When it opened its doors on December 10, 1948, the Lyric Theatre and its marquee lit up the corner of E. Third Street and DeWeese Street (now Elm Tree Lane). Built at a cost of $250,000, the original theatre was a blend of Art Deco and Spanish Colonial Revival architecture.
This leading entertainment center in the African-American community hosted first-run films, black films and entertainers including Cab Calloway, Duke Ellington, Ella Fitzgerald, Sarah Vaughan, The Ink Spots, Redd Foxx and The Temptations.
The Lyric's decline began with the integration of Lexington's other theaters. The theatre closed in 1963. (Source: Cinema Treasurers)
Lyric reopens amid grand celebration
GTV3 VIDEO: Lyric Theatre reopens
Historical look at Lyric(Video)
GTV3's look at the Lyric
Lyric's Facebook page
|Lyric is symbolic of East End's rebirth
Inside the new Lyric theatre.
|Dilapidated building defined neighborhood in the past; new building will help recovery
“I never attended the Lyric so I hold no fond memories of it,” says Thomas Tolliver, East End activist and former newspaper reporter.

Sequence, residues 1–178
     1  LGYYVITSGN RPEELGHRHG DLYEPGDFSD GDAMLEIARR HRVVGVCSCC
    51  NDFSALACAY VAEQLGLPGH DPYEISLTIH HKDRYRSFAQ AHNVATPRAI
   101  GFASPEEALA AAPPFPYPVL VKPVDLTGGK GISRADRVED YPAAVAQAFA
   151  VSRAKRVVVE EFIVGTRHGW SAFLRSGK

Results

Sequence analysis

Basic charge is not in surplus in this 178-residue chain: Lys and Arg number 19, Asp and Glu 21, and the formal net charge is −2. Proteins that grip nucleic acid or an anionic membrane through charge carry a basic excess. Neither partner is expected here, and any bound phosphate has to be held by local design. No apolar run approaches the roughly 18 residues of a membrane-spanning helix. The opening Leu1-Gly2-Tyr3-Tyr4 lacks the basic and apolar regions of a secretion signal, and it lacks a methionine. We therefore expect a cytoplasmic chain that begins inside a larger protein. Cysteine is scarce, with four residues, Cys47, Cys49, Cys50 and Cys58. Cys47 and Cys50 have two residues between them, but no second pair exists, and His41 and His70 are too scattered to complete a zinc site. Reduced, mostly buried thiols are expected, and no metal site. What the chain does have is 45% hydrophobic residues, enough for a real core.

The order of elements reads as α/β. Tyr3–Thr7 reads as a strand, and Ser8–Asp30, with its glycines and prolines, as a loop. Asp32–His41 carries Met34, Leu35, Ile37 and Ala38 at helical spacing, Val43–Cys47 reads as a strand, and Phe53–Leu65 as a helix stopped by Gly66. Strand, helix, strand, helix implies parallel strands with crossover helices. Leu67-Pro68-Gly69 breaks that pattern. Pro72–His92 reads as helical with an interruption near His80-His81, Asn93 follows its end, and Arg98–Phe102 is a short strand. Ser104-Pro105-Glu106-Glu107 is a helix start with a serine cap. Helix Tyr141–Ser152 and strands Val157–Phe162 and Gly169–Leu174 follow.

“The Lyric was already closed when I came to Lexington in 1980. Since moving to the East End in 1994, I had grown to hate the mere sight of that decrepit building because I thought it tarnished the entire neighborhood, sitting there with its crumbling facade, right there at the central gateway into my neighborhood.
“I can't count the times I've driven past it and wished it were not even there. For 20 years I had heard rumblings about fixing up the Lyric and reopening it but I was one of the skeptics. I never thought it would happen, and I said so. Imagine my surprise, and my delight, to see that decrepit building transformed into something beautiful.
“I welcome the re-opening of the Lyric but not for what it will mean for my social life or for the social life of other Lexingtonians,” Tolliver says. “I welcome the re-opening of the Lyric because of what it does for the image and indeed the spirit of the East End neighborhood. To me, it says the East End is on the rise again.
“In its dilapidated state, the Lyric defined the neighborhood. It said ‘Here's a neighborhood whose heyday has come and gone.’ Just as the dilapidated Lyric held the neighborhood back, I'm optimistic that the refurbished Lyric will propel the neighborhood forward. I'm hopeful that once again East Third Street will become a destination for people rather than merely a corridor by which to escape downtown. READ THE ENTIRE ARTICLE